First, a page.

nhyebooks.org

Posted in Uncategorized

Desertification in the Mediterranean Region (Google / eBook)

Read at : Google Alerts – desertification

http://nueebooks.org/water-scarcity-land-degradation-and-desertification-in-the-mediterranean_15rs20.html

Download Water Scarcity, Land Degradation and Desertification in the Mediterranean Region.pdf free

J. L. Rubio – PDF, EPUB, DOC Free Download EBook

Posted in Desertification

Threat­ened by desertification (Google / Global Social Change)

Read at : Google Alerts – Desertification

http://www.globalsocialchange.com/2014/09/13/desertification-watch-it-act-now/

Desertification — watch it, act now!

By 

Contrary to pop­u­lar belief, deser­ti­fi­ca­tion is nei­ther the nat­ural advance of the desert nor the move­ment of sand dunes. It is down to the deple­tion of farm­land as a result of human activ­i­ties and cli­mate change. It is not a nat­ural process, but the out­come of human actions. Currently one-third of the earth’s sur­face is threat­ened by desertification.

Fossil fuels – car­bon, coal and gas – are by no means the only thing that is caus­ing cli­mate change and deser­ti­fi­ca­tion. Desertification occurs only when we cre­ate too much bare ground. When rain falls on a bare ground, some of it keeps on the ground as flood while the remain­der soaks into the soil. But because the ground is bare, water evap­o­rates as fast as pos­si­ble and the soil also releases car­bon into the atmosphere.

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Posted in Desertification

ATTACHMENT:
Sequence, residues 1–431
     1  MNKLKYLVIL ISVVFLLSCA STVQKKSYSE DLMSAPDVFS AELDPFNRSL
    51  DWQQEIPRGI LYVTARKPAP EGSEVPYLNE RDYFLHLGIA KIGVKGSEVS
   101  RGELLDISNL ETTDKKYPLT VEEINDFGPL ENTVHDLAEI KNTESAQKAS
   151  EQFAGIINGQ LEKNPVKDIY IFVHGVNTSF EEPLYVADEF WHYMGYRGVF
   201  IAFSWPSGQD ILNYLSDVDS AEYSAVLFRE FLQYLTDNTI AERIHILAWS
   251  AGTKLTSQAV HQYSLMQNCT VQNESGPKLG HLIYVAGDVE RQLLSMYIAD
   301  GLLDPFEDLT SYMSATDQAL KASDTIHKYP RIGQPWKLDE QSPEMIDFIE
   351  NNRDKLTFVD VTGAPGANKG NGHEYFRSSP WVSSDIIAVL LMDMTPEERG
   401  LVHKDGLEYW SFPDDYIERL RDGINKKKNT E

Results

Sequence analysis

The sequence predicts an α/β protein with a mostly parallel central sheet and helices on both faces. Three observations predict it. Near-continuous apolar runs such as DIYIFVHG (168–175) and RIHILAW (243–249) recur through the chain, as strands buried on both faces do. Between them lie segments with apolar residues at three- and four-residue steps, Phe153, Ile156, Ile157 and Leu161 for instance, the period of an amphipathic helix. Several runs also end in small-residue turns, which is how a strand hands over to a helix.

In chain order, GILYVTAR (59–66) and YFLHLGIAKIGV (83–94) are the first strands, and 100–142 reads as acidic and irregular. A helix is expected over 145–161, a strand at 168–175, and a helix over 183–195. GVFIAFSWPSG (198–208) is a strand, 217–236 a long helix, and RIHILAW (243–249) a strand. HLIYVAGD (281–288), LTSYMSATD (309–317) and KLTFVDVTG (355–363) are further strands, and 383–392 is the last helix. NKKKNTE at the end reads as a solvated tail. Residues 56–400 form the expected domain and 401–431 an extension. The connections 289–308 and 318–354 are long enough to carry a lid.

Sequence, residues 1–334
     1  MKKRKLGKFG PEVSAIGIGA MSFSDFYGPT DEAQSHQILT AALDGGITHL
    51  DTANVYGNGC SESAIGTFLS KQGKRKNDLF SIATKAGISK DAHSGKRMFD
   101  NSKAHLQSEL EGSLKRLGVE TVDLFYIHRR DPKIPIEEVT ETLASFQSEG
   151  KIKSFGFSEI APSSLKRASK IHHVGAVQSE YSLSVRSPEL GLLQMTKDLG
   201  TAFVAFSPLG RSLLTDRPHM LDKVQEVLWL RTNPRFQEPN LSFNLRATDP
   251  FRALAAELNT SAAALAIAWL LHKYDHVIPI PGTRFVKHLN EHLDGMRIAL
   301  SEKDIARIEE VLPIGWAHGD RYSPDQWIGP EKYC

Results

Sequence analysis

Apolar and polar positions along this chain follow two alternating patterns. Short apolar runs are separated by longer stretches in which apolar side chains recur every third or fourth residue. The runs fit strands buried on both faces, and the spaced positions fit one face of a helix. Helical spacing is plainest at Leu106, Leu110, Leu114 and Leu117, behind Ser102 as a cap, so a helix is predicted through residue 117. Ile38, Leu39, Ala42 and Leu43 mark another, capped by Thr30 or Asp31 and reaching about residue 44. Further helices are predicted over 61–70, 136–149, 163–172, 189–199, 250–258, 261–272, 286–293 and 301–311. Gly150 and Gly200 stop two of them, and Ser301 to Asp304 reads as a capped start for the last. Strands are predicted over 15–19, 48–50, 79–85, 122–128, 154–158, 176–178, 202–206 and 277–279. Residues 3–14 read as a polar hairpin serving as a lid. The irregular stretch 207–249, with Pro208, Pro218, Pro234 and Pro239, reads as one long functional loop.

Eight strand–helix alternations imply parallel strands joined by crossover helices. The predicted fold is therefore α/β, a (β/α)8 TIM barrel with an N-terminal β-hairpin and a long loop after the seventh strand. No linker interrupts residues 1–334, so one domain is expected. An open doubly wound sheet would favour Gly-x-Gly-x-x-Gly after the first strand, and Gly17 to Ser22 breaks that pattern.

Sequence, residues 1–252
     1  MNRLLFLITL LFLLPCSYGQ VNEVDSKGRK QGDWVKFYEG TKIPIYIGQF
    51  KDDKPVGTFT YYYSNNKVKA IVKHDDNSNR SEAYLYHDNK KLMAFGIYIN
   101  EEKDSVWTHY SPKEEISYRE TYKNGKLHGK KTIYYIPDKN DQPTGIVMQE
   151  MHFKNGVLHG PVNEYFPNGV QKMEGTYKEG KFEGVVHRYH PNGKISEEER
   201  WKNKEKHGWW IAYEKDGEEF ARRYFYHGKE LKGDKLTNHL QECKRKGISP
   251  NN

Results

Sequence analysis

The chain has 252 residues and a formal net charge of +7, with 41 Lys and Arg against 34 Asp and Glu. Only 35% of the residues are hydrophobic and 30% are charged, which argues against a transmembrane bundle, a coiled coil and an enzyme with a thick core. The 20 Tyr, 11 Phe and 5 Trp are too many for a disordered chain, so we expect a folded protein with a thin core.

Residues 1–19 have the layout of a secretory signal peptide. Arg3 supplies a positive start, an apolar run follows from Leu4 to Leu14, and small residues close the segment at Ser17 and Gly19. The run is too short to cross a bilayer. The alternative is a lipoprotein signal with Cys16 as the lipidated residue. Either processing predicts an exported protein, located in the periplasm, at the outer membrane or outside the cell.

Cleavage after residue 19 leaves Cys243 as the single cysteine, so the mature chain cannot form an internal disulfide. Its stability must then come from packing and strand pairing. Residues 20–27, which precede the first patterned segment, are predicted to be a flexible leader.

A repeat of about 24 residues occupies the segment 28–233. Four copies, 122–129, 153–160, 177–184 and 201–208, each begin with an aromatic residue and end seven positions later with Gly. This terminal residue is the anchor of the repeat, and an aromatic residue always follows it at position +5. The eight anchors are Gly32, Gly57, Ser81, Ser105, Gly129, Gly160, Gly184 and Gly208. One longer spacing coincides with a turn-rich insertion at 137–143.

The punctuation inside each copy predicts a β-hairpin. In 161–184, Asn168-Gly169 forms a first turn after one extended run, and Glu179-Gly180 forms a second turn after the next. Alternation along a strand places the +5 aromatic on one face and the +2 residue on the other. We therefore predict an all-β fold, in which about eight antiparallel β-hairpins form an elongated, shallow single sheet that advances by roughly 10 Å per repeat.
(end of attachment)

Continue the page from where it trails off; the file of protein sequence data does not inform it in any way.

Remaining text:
Desertification in Africa (Google / Answers)

Read at : Google Alerts – Desertification

http://www.answers.com/Q/Areas_affected_by_desertification_in_Africa

Areas affected by desertification in Africa?

Most of the countries in Africa have and/or are being affected by desertification.

South Africa
* Namib & Kalahari Desert
* Drakenberg Mountain Ranges

These places are spreading of the desert region.

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Posted in Desertification

Fixing the desertification problem (Google / Answers)

Read at : Google Alerts – desertification

http://www.answers.com/Q/How_are_they_fixing_the_desertification_problem_in_sahel

How are they fixing the desertification problem in Sahel?

The Eden FoundationLocation: Nigeria

NGO/GO: Non Government Agency

- Provide funding for farmers to plant perennials among their crops on their fields. These stabilize the soil, holding it together and so preventing erosion. They also shelter the crops from wind. As a bonus they have fruit so there is extra produce.

- Plant strips of trees, which hold the soil in place and create a wind break so that more soil isn’t eroded.

- Stone walls with small cracks in them allow the water to grow through so that the plants get an even spreading of water. The leaf litter is trapped on the other side for farmers to rake up and spread around crops. This prevents evaporation and when the leaves decompose they return valuable nutrients to the soil, preventing soil degradation.

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Posted in afforestation, Desertification, Financing, Stone walls